Vets Checking Racehorses in Japan for Equine Influenza

About 200 veterinarians were dispatched yesterday to check 5,000 racehorses in Japan for equine influenza after 20 animals at a training center were found to be positive for the virus, Reuters reported in the Guardian Limited.

Officials have stopped horses from moving between Japan Racing Association facilities, the Guardian Limited reported.

Influenza is not usually life threatening, but it can make a horse uncomfortable and increase vulnerability to other diseases.

Treatment for equine influenza includes keeping the horse comfortable and reducing fever. Horses generally should be rested one week for every degree of fever at the peak of the illness. Influenza can spread by direct contact, by people in contact with infected horses, and by respiratory droplets over short distances.

Horses exposed to transient populations, those stressed by shipping or heavy training schedules, youngsters, and seniors are most at risk of contracting influenza.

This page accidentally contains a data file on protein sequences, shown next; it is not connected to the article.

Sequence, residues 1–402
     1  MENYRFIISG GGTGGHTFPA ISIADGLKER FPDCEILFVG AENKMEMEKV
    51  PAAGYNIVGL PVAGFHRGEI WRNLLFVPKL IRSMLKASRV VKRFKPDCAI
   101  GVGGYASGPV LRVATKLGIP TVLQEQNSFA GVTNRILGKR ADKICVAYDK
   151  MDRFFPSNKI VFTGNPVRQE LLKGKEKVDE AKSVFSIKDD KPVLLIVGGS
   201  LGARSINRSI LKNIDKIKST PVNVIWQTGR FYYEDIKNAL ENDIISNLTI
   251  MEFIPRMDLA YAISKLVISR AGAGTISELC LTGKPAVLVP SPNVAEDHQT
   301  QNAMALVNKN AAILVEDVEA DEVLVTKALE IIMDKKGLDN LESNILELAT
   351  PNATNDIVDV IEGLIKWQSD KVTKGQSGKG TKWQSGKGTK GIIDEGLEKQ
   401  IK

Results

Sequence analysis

According to the Guardian report, all horses under the Japan Racing Association are vaccinated against equine flu. Races were cancelled in 1971 after 1,800 horses were infected with influenza.

About the Author

Erin Ryder

Erin Ryder is a former news editor of The Horse: Your Guide To Equine Health Care. She owns a portly gray gelding named Duncan and dabbles in several equestrian disciplines, with an emphasis on dressage.

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